US starts contact tracing the old-fashioned way, but ‘it’s late’

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by Ivan Couronne

Taiwan and South Korea have led the world in digital contact tracing for the COVID-19 pandemic — an example the US with its emphasis on personal privacy and decentralized system of government is unlikely to be able to follow.

Instead, states and cities are opting to hire thousands of public health workers who will have to carry out the laborious task of phoning everyone with a confirmed case.

They’ll want to know, in turn, everyone that the patient came into close contact with — defined as less than six feet (two meters) — for 15 minutes or longer. These people will then be called and asked to self quarantine.

It’s painstaking work that can complement the opt-in mobile phone based contact tracing, announced by Apple and Google recently. The investigators, who don’t require medical training, work from home, using computer software, and each call takes at least half an hour.

Massachusetts was the first to launch its program at the start of April, announcing it would recruit 1,000 contact tracers (17,000 have applied). San Francisco has announced a similar initiative, and other states and jurisdictions are also starting up.

“It’s late,” said Dr Joia Mukherjee, chief medical officer of Partners in Health, the nonprofit chosen by Massachusetts to manage its program. “It would have been easier to do it after the first case.”

But it’s still possible to catch up, she said. “All epidemics are highly localized. If we look at the top line numbers, everyone just gets terrified. But it’s town by town, block by block, and city by city.”

“If we can do it in a place like Liberia, how is it that we couldn’t do it in Massachusetts?” added Mukherjee.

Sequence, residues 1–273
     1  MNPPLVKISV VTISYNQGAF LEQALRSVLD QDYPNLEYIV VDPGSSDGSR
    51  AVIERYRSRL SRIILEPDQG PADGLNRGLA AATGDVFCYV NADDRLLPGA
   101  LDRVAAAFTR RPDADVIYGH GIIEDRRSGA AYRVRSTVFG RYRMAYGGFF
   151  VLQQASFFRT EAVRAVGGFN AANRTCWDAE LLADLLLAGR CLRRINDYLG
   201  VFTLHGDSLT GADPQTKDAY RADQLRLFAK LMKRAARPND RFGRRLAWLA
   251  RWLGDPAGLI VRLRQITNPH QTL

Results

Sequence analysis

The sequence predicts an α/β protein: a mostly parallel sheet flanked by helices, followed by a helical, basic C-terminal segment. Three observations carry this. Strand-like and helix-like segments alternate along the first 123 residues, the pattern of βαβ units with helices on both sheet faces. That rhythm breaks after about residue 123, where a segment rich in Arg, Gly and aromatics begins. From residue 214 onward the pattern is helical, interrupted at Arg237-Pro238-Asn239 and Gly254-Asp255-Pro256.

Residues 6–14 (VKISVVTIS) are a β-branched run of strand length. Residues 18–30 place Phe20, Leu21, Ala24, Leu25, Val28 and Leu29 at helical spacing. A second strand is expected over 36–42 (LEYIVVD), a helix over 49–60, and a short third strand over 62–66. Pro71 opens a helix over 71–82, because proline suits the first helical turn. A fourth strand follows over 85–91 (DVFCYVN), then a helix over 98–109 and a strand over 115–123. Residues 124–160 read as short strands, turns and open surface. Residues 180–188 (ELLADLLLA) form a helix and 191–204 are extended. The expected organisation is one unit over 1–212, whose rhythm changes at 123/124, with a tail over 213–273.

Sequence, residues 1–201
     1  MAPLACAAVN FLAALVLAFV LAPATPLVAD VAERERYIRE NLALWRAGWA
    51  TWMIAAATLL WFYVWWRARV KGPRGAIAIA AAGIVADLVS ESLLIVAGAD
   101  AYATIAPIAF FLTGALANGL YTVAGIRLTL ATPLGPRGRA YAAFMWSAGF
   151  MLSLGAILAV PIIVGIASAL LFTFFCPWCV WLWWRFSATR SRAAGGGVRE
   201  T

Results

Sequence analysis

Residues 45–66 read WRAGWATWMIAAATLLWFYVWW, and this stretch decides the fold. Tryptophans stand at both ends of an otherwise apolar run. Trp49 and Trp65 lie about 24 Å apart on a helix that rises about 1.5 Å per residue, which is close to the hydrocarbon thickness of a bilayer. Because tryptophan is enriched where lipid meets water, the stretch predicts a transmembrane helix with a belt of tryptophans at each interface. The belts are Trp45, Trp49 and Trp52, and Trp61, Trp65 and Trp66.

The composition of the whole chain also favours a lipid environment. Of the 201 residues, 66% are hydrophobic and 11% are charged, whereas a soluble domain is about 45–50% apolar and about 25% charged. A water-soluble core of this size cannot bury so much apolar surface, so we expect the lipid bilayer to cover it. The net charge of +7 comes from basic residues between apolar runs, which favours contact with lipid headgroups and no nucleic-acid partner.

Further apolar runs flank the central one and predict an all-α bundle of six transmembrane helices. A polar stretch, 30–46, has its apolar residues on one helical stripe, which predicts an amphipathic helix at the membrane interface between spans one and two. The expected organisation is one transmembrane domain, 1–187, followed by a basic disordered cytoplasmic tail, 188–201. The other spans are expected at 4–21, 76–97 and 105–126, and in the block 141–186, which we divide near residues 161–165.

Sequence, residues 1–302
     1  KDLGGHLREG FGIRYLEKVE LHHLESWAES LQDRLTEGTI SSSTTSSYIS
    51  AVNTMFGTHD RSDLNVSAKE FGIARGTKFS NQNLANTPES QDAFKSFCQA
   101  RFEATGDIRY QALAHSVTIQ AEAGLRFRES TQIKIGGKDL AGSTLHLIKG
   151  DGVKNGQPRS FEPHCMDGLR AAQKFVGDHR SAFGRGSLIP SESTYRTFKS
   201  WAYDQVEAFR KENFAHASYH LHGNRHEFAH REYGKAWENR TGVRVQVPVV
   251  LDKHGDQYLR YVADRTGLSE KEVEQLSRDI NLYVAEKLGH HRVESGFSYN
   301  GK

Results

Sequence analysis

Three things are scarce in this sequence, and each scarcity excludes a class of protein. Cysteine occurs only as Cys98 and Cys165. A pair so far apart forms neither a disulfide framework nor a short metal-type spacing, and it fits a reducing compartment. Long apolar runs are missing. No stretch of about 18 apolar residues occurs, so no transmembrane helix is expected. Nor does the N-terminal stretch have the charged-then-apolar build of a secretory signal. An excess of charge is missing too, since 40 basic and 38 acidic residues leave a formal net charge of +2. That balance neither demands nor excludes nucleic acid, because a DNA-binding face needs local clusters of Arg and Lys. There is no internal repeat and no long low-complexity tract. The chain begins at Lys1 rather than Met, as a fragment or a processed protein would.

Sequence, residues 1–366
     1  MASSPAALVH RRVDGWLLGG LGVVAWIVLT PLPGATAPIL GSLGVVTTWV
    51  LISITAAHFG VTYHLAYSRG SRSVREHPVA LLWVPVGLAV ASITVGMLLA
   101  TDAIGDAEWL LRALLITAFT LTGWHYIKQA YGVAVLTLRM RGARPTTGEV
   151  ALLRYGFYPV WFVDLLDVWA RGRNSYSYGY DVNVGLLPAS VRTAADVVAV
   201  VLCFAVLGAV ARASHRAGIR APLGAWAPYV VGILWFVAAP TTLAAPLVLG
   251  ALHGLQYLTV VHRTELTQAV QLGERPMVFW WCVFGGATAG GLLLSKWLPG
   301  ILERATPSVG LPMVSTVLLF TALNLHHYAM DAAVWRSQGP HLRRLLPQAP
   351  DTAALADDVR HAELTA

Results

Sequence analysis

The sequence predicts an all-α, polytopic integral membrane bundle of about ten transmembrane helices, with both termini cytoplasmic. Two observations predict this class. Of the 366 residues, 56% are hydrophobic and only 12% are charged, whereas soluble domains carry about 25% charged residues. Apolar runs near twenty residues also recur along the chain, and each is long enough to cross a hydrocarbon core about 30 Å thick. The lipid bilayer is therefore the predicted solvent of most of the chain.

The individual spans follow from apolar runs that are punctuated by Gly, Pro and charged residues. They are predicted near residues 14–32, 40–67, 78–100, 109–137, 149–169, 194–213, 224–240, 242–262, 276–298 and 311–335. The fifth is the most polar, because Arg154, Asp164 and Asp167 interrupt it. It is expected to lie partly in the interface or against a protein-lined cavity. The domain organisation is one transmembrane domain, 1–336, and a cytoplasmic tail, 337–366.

In Africa and other parts of the world this type of work is considered one of the founding principles of public health.

But, said Mukherjee, “for 40 years, the US has disinvested in public health and community health in favor of hospitals, and the sort of things that generate revenue.”

100,000 agents

In Wuhan, 1,800 teams of five people carried out this work, often voluntarily. Scaling that up to the US outbreak would mean 265,000 people are needed.

Researchers at Johns Hopkins University suggested 100,000 to begin with “to assist with the enormous and unprecedented task of contact investigation and containment on this scale.”

The country currently has, at most, only 5,000 specialists responsible for monitoring cases of communicable diseases such as HIV or tuberculosis, Michael Fraser, head of the Association of State and Territorial Health Officials (ASTHO) told AFP.

He doesn’t expect recruiting to start before two to four weeks in most states.

“Our goal is to get this in place for the reopening,” he said.

It was not until Monday that the White House, through Vice President Mike Pence, announced the dispatch of reinforcements from the Centers for Disease Control and Prevention (CDC) to each state.

In an email to AFP, the CDC said it had deployed 24 teams to each state, with over 600 staff nationwide.

But states like Texas plan to start easing their lockdown orders over the coming days, reopening some shops and businesses.

The Lone Star state, home to almost 30 million people, would need at least 8,000 contact tracers, estimates ASTHO.

“There’s definitely going to be some risks” associated with lifting social distancing orders without having the right surveillance mechanisms in place, warned Fraser.

That’s to say nothing of the need to ramp up contact tracing as more and more societal activities resume.

In the absence of enough personnel, more at-risk groups like nursing homes, hospitals and vulnerable populations should be prioritized.

When people get called in Massachusetts, the state has come to an agreement with telecoms operators to display “Covid Care Team” on the Caller ID, to try to maximize the number of people who pick up. (AFP)

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